Author

Brian Phillips

Dr. Brian Phillips is the Director of CiRCE Consulting & the Headmaster of the CiRCE Academy.  He also serves as a pastor in Concord, NC, where he lives with his wife and their four children.

Brian Phillips May 1, 2014

“Love the quick profit, the annual raise,
vacation with pay. Want more
of everything ready-made. Be afraid
to know your neighbors and to die.”

- From “Manifesto: Mad Farmer Liberation Front” by Wendell Berry

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Brian Phillips Apr 3, 2014

We're getting pretty excited about this summer's conference!  Here's a recent video from one of our speakers, Wes Callihan.

 

 

 

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Brian Phillips Mar 28, 2014

Bright red numbers glow, burning my sleep-heavy eyes.  It takes a few moments for my brain to process what I’m seeing, but there’s little doubt now – “5:30.”  Surely such horrific buzzing should be reserved for air raid alarms.  I only use the torturous device when I have to awaken early, and then only for its persuasiveness.  It is 5:30 a.m. on a Monday morning, and I do not want to get out of bed. 

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Brian Phillips Mar 19, 2014

The Bookends

Several months ago, I posted an article that introduced the subject of patterns and types in St. Matthew’s gospel.  Particularly, I pointed out how Matthew portrays Jesus as the beginning and the end, the fulfillment of all God’s promises.  You can read part one here, if you like. 

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Brian Phillips Mar 11, 2014

"It is easier to be enthusiastic about Humanity with a capital 'H' than it is to love individual men and women especially those who uninteresting, exasperating, depraved, or otherwise unattractive. Loving everybody in general may be an excuse loving no one in particular." – John Stott, commenting on 1st John 3:17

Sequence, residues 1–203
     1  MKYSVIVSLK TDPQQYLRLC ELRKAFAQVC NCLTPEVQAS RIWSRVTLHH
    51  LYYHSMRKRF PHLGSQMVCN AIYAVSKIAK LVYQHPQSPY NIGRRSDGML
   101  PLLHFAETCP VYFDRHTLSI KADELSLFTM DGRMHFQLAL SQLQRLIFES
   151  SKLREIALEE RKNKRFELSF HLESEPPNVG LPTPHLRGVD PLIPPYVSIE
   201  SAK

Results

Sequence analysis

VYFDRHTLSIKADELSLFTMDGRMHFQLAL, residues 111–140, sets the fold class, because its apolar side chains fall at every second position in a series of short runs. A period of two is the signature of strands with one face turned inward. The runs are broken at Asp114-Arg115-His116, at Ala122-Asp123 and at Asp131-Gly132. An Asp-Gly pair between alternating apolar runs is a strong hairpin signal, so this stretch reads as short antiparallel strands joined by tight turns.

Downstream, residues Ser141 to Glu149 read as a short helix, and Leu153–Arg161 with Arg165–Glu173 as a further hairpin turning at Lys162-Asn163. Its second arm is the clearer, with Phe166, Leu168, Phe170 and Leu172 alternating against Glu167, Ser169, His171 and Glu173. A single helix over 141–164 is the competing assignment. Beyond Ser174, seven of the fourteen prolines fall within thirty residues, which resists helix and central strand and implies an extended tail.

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Brian Phillips Mar 8, 2014

Journalist: “What are your thoughts on Hell?”
G.K. Chesterton: “I regard it as a thing to be avoided.”
 

One of the most obvious benefits of reading Dante’s Inferno is that it provides a vivid reminder that sin destroys and heaps horrific consequences upon the sinner.  Temptation, by definition, entices one because of the apparent pleasure that the sinful act will bring, but Dante cuts through such transitory appearances, directing us to the frightening aftermath. 

Paolo & Francesca

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Brian Phillips Feb 28, 2014

Leaning forward in the black and white armchair, I slowly close the back cover of The Rector of Justin, with whom I have spent much of the last day.  It is fiercely cold outside and I can see the wind whipping violently through the bare trees and tall weeds of the seemingly endless snow-covered fields.  The windows of my room groan with every gust.

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Brian Phillips Feb 24, 2014

I begin as many days as possible with this “Morning Prayer,” which I have seen attributed to both St. Basil the Great and Metropolitan Philaret of Moscow (1782-1867):

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Brian Phillips Feb 14, 2014

Virtuous Pagans

Awakened from his first swoon by a “monstrous clap of thunder,” Dante finds that they have crossed Acheron and are now positioned “on the very brink of the valley called the Dolorous Abyss, the desolate chasm where rolls the thunder of Hell’s eternal cry” (Canto IV.7-9).

Yet, as they descend into the first circle, Dante reports…

“No tortured wailing rose to greet us here
but sounds of sighing rose from every side,
sending a tremor through the timeless air,

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Brian Phillips Feb 7, 2014

The Good of Intellect

Dante’s voyage into hell formally begins in Canto III as his guide, Virgil, reach the entry gate.  Above the gate, carved in stone, is the foreboding inscription:

“I AM THE WAY INTO THE CITY OF WOE.
I AM THE WAY TO A FORSAKEN PEOPLE.
I AM THE WAY INTO ETERNAL SORROW.

SACRED JUSTICE MOVED MY ARCHITECT.
I WAS RAISED HERE BY DIVINE OMNIPOTENCE,
PRIMORDIAL LOVE AND ULTIMATE INTELLECT.

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